by James A. Bacon
To Joan Moore, executive director of the Brunswick County Industrial Development Authority (IDA), the opening of the $1.2 billion Brunswick County Power Station means more than the thousand construction jobs that pumped money into the local economy for a year, more than the 40 permanent operating jobs, and even more than the $5 million in annual tax revenue, a sum roughly equal to what the county collects from real estate property taxes.
What really gets her excited is the $300 million natural gas pipeline, made possible by Dominion Virginia Power, that will provide industrial volumes of natural gas to Brunswick County and four other Southside jurisdictions.
Local jurisdictions could not afford to finance construction of a pipeline solely for the purpose of recruiting industry. But now, says Moore, Brunswick County and neighboring jurisdictions can compete for a large category of business that it could not before. Brunswick, which is 57% African-American, has suffered economically in recent years from a shrinking population, the decline of U.S. manufacturing and the shutdown of the St. Paul’s College, a historically black university.
Construction of the natural gas-fired power plant required Dominion to cut a deal with the giant Transco pipeline to build a high-capacity extension to Brunswick County. With help from a $30 million grant from the Tobacco Region Revitalization Commission, the Brunswick IDA is piggybacking on the Transco line to add additional capacity at incremental cost to serve local industry.
Brunswick County has access to natural gas but not in large enough volumes to attract industrial customers that use gas as an energy source or feedstock. Thanks to the grant, the new pipeline will provide roughly 100,000 decatherms (100 million cubic feet) per day over and above the supply that Dominion has contracted for, said Jim Eck, Dominion vice president for business development. As a rule of thumb, a big industrial user will consume 5,000 decatherms per day.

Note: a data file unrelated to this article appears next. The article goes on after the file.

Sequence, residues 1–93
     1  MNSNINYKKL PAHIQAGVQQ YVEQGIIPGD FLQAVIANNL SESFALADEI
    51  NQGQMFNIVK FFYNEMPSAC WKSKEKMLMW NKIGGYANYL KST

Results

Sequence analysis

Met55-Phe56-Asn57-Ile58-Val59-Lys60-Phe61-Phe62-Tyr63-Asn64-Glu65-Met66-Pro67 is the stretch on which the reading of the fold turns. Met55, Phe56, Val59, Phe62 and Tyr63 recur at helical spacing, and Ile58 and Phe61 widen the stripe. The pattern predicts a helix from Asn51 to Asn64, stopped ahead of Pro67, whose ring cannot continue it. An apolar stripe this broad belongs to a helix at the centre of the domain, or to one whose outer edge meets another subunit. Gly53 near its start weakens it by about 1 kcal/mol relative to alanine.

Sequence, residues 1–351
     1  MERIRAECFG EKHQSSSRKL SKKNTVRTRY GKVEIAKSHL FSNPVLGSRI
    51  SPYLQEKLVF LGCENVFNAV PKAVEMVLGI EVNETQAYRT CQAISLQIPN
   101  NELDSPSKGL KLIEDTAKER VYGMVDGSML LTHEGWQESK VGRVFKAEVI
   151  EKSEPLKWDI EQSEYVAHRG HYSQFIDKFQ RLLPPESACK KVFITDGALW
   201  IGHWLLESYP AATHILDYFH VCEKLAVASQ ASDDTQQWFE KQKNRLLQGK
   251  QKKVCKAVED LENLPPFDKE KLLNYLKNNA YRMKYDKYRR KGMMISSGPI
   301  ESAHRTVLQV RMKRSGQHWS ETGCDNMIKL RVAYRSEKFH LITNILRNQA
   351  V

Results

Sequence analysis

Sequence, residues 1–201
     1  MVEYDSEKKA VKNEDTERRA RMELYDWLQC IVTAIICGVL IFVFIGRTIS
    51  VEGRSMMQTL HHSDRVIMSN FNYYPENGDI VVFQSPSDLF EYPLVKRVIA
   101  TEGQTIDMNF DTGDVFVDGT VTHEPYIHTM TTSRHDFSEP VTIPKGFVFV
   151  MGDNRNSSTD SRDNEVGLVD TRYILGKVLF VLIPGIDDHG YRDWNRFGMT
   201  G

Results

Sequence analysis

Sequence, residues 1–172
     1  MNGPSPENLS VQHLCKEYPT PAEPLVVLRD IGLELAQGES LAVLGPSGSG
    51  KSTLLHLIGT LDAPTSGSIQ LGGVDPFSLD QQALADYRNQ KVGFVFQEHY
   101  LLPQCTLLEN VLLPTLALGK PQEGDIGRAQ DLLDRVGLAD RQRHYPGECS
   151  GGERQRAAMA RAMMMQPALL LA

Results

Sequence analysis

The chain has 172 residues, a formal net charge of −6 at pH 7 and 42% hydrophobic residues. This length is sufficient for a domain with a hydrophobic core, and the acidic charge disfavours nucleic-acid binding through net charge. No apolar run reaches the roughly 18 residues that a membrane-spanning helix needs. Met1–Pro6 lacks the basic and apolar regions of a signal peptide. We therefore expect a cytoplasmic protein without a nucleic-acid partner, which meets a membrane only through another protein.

Among the facilities expected to benefit from the new supply of natural gas is the Mid-Atlantic Advanced Manufacturing Center (MAMaC), in neighboring Greensville County, which has 1,600 acres, abuts Interstate 95 and enjoys CSX Corp. rail access. Industrial volumes of natural gas will make MAMaC far more competitive, said Sen. Frank Ruff, R-Clarksville, who attended the ribbon-cutting ceremony.
Dominion’s search for a location to build a new gas-fired plant was the catalyst. When deciding 2011 and 2012 where to locate the plant, the electric utility narrowed the choice to between Brunswick and Chesterfield County. To serve the Brunswick power station as well as an anticipated gas-fired station next door in Greensville County (still in the regulatory approval process), Dominion would have to cover the cost of building a 100-mile pipeline from Transco’s trunk line in Pittsylvania County by reserving capacity of 250,000 decatherms a day for Brunswick and 250,000 decatherms to the Greensville plant.
Brunswick County applied for the $30 million grant from the tobacco commission. “The idea was to build a larger pipe than Dominion needed,” said Dan J. Poteet, senior manager-generation business development.
The Tobacco Commission’s grant caused a brief flap in 2014 when the Associated Press ran an article suggesting that the commission awarded the grant to induce Dominion to locate in Brunswick County. Dominion was listed as a beneficiary of the grant application, although the money was paid to Transco “to lower the construction cost” of the pipeline. The AP article noted that “Dominion is without peer in terms of political sway in Virginia and routinely gets friendly legislation passed with broad bipartisan support.” The article was picked up by a Washington Post columnist who cited the incident as evidence that the tobacco commission “serves at times as a kind of slush fund to help the politically connected.”
At the time, Dominion officials insisted that the company never lobbied for the grant, and that the grant was only one of several factors the company considered when deciding to locate in Brunswick County. In any case, the $30 million will not benefit Dominion shareholders. The company would have built a power plant, upon which it would be allowed to generate a return on investment, one way or the other. By contrast, the cost of purchasing and transporting natural gas is passed on to ratepayers in a fuel adjustment clause. Dominion officials have projected that the Brunswick plant will result in $1 billion in fuel savings over the life of the plant, which could generate power over the next 40 to 50 years.
Meanwhile, Brunswick County officials are delighted with their new corporate citizen. Said Joan Moore: “Dominion has been one of the greatest business partners ever to work with the county.”There are currently no comments highlighted.